Interplanetary Contamination and Extraterrestrial Life (Source: Space Safety)
Interplanetary Contamination is the introduction of biological material from one planetary body (planet, moon, asteroid) to another. Biological material can be everything from simple organic carbon molecules via parts of genetic code or proteins up to full microbial life forms.

Astrobiology, an interdisciplinary field that also deals with contamination, studies two types of contamination: Forward and Backward Contamination. Forward Contamination is the artificial delivery of biological material from Earth to a planetary body with space probes or human space missions, while Backward Contamination describes the possible introduction of alien material environment through extraterrestrial probes returning back to Earth. Click here. (2/23)

Comets Are Like Deep Fried Ice Cream (Source: Space.com)
NASA researchers think they understand why comets have a hard, crispy outside and a cold but soft inside — just like fried ice cream. Two NASA spacecraft have interacted with a comet surface, and both found a crunchy exterior and somewhat softer, more porous interior. Scientists know that comets are made of a mixture of rock and ice, but up until now they could not fully explain this change in texture from the inside to the outside. Click here. (2/23)

Will Pomerantz, Virgin Galactic’s LauncherOne Point Man (Source: Space News)
As if trying to establish the world’s first suborbital space tourism business weren’t enough of a technical and market challenge, Sir Richard Branson’s Virgin Galactic venture also wants to get in the game of launching small satellites. The company, whose backers include Aabar Investments, also has been plugging away quietly on a dedicated air-launched rocket that would deliver small satellites to low Earth orbit for $10 million or less. Click here. (2/23)

NASA Sets Next $1 Billion New Frontiers Competition for 2016 (Source: Space News)
Competition for the next mission in NASA’s New Frontiers line — a cost-capped class of $1 billion robotic solar-system explorers — will begin in 2016. The long-awaited announcement of opportunity for the fourth New Frontiers competition will appear some time after Oct. 1, the start of the U.S. government’s 2016 fiscal year.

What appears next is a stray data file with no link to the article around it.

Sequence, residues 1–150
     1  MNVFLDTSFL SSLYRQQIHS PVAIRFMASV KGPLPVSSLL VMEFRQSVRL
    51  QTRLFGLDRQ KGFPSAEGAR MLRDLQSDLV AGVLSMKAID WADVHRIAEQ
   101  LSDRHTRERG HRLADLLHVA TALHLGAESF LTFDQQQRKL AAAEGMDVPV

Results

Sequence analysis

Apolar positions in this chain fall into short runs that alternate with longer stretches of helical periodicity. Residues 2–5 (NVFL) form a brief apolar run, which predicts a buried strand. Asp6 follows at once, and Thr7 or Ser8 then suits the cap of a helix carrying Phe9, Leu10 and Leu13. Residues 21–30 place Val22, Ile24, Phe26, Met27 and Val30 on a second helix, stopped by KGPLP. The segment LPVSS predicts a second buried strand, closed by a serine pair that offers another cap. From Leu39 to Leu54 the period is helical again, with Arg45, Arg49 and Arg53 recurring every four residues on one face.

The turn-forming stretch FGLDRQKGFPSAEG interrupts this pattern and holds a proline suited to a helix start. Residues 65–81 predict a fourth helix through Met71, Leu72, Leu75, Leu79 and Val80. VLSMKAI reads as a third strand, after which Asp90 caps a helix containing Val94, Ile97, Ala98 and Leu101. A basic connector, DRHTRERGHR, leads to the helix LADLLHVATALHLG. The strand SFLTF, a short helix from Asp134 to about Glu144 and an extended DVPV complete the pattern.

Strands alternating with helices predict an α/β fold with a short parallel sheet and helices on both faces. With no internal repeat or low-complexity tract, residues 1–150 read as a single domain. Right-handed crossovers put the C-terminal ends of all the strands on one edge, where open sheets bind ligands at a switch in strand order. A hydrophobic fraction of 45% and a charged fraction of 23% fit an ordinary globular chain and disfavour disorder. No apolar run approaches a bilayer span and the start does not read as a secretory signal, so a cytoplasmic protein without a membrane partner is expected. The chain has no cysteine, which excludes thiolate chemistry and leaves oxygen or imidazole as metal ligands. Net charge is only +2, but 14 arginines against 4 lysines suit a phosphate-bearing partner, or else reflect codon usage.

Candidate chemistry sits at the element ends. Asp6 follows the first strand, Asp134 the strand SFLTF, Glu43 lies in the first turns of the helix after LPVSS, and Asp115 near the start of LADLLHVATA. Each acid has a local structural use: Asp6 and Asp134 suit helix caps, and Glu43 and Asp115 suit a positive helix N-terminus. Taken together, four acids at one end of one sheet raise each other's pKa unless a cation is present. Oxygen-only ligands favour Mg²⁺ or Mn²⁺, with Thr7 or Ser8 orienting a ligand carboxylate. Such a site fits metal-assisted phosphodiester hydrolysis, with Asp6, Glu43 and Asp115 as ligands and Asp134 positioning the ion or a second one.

NASA is also looking ahead to the fifth New Frontiers competition, which would begin by 2020. New Frontiers missions are managed by a single principle investigator, who is responsible for keeping the mission’s development cost under $1 billion. The cost cap does not include the price of a launch vehicle, which is covered under the NASA Launch Services Program. (2/23)

Editorial: Coming Around Slowly on ORS (Source: Space News)
The U.S. Defense Department’s space-related budget blueprint for 2016 contained at least one pleasant surprise in the form of a funding request, albeit a small one, for the Air Force-led Operationally Responsive Space (ORS) Office. In its three previous requests, the Air Force proposed shuttering the office, which was stood up to demonstrate new methods and technologies for developing and deploying space capabilities quickly.

The Air Force had argued that ORS could live on in the service’s primary space acquisition shop, the Space and Missile Systems Center in Los Angeles, which typically procures large, expensive satellite systems using a strict and often cumbersome set of rules. Each time, however, Congress blocked the move, either in recognition that ORS would die a quick death at SMC or because it simply wanted to keep the office and the associated work at Kirtland Air Force in New Mexico.

Lawmakers provided $10 million for the office in 2014 and $20 million in 2015. It now appears that the Air Force has conceded the point — the service is seeking just under $6.5 million for the ORS Office for next year. (2/23)

Worker Injured in Fall at NASA Langley Research Center (Source: WGNT)
A worker at NASA Langley Research Center was injured Sunday morning when he fell 18 feet onto a concrete floor. The man, a contract employer from Jacobs Engineering, was working at the facility’s steam plant when the second level metal grating he was walking on gave way. He sustained multiple injuries as a result of the fall and was transported to Riverside Regional Medical Center. (2/23)

'NASCAR on the Moon': 2 Teams Partner in Private Moon Race (Source: Space.com)